If you follow America’s wars over Big Tech and corporate speech, you know that both sides increasingly want to use the power of government to coerce companies to change course. They agree on the need for more federal power. They disagree about how that power should be used. Broadly speaking, progressives would like Big Tech to censor more—to remove more “misinformation” and “hate” from their sites. Social justice demands more government control.
The right, by contrast, wants Big Tech to police speech less. Right-wing outlets are full of legal ideas to overcome traditional free speech protections for corporate speech so that Congress (and not Facebook or Twitter) can dictate social media moderation policies and guarantee conservative voices a place on private platforms. The common good demands more government control.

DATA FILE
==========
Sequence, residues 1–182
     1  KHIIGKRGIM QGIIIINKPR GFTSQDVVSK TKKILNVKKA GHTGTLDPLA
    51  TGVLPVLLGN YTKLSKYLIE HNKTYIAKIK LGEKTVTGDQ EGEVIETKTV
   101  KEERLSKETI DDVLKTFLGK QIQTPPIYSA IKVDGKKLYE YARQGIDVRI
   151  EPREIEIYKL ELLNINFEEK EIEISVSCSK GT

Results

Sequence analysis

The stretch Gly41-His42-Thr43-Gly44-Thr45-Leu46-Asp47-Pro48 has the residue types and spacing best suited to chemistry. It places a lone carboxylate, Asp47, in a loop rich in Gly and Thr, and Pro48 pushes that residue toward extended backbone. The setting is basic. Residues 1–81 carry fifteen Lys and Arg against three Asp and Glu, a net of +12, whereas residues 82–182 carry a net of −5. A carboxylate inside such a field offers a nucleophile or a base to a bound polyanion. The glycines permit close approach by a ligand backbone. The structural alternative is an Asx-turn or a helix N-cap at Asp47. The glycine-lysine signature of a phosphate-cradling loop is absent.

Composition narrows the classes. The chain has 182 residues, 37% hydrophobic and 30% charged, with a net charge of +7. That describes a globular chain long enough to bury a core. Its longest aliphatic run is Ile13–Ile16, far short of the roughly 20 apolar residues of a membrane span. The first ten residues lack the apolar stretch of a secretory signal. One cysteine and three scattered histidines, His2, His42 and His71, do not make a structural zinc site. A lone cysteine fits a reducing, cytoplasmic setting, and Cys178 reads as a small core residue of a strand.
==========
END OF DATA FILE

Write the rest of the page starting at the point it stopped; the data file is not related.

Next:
Civil libertarians understand, however, where all this leads—and it’s not to social justice or the common good. It’s to the raw exercise of power, to the use of the government to punish enemies and reward friends, with nary an underlying legal principle to be found.
To see a near-perfect example of principle-free power politics in action, I’ll direct you to the great state of Texas, where scandal-ridden attorney general Ken Paxton is putting on a clinic in legal hypocrisy. Fresh off his failed effort to overturn the presidential election through frivolous litigation, Paxton has set his sights on Twitter.